So who's it going to be? The four Labour leadership contenders have wrapped up their nationwide roadshow - with no clear favourite standing out.
Under the party rules, members and affiliated unions have a vote - the hustings meetings from Whangarei to Invercargill have provided the candidates with a chance to make a direct pitch.
The party hierarchy has been presenting the post-election leadership race as a positive process for Labour, which had the wind knocked out of its sails by the brutal election defeat.
The leadership contest is a time for reflection, they say - a chance for New Zealand to reconnect with Labour - but it's hard to escape the feeling that many voters have heard enough from politicians this year and aren't watching the contest with baited breath.
That's not to take anything away from the contenders.
Andrew Little, former union boss and MP since 2011, has tried to use the meetings to shake off the image of being grim-faced and dull.
"When I was a union leader I tended to be dealing with situation where someone was being done over or there was a strike, and I guess I conveyed a somewhat kind of serious image, but I was dealing with serious issues and I wouldn't have felt comfortable laughing and giggling about people having a difficult time or even a business that was having a difficult time."
Nanaia Mahuta is a long-serving MP and was a minister in Helen Clark's government but there is a view the only time she's come to life politically, on the national stage, is when there's a leadership contest.
In saying that, she has impressed with her performance, and she's also well-regarded within her Hauraki-Waikato electorate. She may do well within the large South Auckland support base, having an electorate office there, and benefiting from some active lobbying by other local MPs in particular Su'a William Sio.
Her pitch has very much been about making the most of diversity within Labour and the caucus - a pointed reminder that one of the few bright spots of the election result was the performance of the party's Maori and Pacific MPs.
This is the Wellington Central MP Grant Robertson's second shot at the leadership, having lost out to David Cunliffe in 2013.
A former senior staffer in Helen Clark's office, he worked away from Parliament for a few years before returning as MP in 2008. He's criticised as being too 'beltway' or Wellington-centric, and not being able to relate to Auckland or provincial voters.
"Oh well you know, I grew up in Dunedin, I've lived in a lot of different places ... the fact that I've got some experience of how the political system works is a good thing ... one of the reasons I've got Jacinda Ardern alongside me, she grew up in Morrinsville, as she often says she spent more time working in a fish and chip shop in Morrinsville than she did working in Helen Clark's office."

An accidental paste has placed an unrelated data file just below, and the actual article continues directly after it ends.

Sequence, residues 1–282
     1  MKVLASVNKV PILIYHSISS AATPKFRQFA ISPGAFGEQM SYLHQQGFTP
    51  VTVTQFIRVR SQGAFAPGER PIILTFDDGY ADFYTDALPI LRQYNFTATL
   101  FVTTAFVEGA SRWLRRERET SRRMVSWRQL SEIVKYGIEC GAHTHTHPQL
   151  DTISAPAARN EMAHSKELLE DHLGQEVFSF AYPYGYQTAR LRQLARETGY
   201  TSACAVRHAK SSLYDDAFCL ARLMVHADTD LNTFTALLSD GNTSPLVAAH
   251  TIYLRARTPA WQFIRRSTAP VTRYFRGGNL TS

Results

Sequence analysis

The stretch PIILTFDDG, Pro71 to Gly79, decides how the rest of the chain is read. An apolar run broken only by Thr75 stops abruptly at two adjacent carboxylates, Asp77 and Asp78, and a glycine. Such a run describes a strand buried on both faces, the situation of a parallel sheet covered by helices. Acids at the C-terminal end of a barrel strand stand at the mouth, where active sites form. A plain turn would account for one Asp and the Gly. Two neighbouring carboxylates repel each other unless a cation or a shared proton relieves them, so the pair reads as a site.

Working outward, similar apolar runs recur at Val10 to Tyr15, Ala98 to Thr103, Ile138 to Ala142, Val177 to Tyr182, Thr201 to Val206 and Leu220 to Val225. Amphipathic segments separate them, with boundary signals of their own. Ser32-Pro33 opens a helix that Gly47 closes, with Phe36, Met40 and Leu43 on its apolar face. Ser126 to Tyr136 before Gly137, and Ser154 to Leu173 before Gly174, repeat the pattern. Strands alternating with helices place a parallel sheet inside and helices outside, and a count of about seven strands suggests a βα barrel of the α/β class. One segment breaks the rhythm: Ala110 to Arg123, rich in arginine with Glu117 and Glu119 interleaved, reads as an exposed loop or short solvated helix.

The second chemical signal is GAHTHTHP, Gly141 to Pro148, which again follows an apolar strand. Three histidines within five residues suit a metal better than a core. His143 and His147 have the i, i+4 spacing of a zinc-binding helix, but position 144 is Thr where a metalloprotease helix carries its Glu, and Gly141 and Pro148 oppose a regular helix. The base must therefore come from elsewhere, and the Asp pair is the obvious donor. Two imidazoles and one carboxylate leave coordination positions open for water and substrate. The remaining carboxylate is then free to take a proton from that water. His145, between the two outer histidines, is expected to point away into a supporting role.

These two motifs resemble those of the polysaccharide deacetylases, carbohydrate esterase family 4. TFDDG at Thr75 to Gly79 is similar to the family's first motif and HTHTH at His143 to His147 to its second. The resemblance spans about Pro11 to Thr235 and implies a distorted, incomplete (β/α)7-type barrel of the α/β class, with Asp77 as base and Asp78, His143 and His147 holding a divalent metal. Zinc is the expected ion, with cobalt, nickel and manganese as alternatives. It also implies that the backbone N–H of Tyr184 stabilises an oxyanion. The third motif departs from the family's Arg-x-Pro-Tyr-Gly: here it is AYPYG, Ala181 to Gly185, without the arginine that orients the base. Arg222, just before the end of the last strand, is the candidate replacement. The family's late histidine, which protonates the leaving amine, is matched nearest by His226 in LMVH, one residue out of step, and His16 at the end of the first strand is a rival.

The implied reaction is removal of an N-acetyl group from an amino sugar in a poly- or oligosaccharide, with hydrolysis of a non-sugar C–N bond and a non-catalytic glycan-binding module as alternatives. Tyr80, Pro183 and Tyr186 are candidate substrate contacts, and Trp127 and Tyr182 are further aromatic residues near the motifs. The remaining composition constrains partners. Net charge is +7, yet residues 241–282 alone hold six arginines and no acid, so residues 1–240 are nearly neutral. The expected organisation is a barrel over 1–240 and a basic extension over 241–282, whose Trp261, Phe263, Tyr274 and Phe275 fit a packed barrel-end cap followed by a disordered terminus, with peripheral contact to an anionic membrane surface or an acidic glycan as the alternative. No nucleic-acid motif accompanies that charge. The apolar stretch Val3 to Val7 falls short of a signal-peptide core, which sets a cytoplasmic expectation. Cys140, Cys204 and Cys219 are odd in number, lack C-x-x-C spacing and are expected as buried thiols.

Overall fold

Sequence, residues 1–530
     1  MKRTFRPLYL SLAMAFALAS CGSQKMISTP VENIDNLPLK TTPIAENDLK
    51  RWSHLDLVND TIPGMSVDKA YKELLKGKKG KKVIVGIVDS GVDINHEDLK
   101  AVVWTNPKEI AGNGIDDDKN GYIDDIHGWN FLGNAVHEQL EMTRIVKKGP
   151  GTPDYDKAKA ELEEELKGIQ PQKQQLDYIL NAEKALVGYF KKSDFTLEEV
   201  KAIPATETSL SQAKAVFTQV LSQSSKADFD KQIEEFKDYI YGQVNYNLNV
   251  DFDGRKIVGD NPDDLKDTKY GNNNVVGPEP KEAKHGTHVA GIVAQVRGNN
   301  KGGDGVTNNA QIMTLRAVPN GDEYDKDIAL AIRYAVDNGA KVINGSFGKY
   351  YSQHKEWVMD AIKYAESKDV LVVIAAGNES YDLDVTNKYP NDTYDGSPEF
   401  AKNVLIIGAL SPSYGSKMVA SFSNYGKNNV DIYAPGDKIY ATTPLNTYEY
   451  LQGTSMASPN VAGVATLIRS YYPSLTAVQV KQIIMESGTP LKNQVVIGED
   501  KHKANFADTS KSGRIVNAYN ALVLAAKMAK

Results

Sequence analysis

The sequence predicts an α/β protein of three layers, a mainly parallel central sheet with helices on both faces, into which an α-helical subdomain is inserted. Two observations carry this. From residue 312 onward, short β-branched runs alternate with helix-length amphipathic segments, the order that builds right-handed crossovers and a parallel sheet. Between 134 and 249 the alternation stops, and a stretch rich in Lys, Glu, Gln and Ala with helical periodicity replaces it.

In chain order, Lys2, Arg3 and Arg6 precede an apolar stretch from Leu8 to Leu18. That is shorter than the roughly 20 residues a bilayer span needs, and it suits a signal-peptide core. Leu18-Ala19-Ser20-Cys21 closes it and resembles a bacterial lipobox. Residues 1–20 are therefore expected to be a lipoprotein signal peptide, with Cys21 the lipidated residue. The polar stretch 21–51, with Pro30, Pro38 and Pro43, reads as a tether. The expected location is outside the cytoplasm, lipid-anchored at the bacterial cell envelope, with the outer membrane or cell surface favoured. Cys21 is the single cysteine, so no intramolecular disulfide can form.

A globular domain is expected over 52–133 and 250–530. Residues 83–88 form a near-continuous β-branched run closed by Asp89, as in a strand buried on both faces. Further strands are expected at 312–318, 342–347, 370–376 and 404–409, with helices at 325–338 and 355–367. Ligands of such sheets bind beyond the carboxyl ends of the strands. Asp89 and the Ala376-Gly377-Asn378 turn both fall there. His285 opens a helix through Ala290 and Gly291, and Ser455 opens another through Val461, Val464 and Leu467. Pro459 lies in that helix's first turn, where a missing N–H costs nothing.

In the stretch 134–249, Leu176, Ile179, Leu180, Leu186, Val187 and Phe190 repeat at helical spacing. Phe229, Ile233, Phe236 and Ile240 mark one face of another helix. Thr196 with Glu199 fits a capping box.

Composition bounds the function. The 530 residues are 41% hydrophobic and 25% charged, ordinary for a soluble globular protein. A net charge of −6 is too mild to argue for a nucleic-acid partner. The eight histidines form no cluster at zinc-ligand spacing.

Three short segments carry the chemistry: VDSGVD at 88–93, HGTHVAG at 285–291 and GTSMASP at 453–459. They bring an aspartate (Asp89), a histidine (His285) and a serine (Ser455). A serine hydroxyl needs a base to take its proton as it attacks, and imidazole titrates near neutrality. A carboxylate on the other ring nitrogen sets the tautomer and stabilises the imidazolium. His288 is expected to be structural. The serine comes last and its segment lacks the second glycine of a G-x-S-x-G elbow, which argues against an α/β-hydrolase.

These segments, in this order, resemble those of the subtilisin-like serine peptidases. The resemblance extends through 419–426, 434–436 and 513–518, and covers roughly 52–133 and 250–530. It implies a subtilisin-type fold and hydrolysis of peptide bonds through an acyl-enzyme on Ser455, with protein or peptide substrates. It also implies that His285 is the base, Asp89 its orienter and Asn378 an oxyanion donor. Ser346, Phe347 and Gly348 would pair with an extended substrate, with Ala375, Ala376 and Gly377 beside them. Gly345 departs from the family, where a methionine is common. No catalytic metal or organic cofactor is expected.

Mr Robertson repeatedly deployed a line to front-foot the question that's been raised about whether New Zealand is ready for a gay Prime Minister.
"Some people say New Zealand's not ready for someone like me ... but I think that's a bit unfair to left-handed people who wear glasses."
He made a more direct and serious pitch to the more conservative audience in South Auckland, telling them they know what it's like to be told you couldn't do something because of who you are.
The senior MP and former government minister, David Parker, has struggled to shake the image of an earnest policy wonk, not helped by his repeated use of the phrase "We can't survive as a subset, within a subset, of a subset".
He insists there's more to him than that: "I can build a house, I tramp, I ski, I love the arts, I've got a very rich life." He also cites his experience as a businessman, a lawyer and a senior minister, including as Attorney-General in the Clark administration.
The party estimates that only about a third of those who will vote actually turn up to the meetings; some of those who did attend said they thought it was a great process, a chance for them to have a direct say in the leadership and to be involved.
Some, however, question whether Labour should return to the old system of letting the caucus decide the leader, acknowledging that the first leader under the electoral college system delivered David Cunliffe, which was a disaster they have to take some responsibility for.
The party president, Moira Coatsworth, defended the process when asked if it's too long, and the right approach to give members and affiliated unions a say.
She says three weeks is not long to consider such an important selection and that the 40 percent of the vote given to the caucus is more power than MPs have in similar systems overseas.
This contest hasn't been helped, however, by its proximity to the election campaign, voters' disillusionment with Labour, and the fact the same leadership process was run just over a year ago.
That contest gave the party momentum and sparked interest from members as well as the wider electorate that just hasn't seemed to happen this time. The job for the new leader, to reconnect with the broad voter base Labour needs if it's to rehabilitate itself for the 2017 election, is that much harder.
That new leader will be announced next Tuesday - the party's fifth in just four years.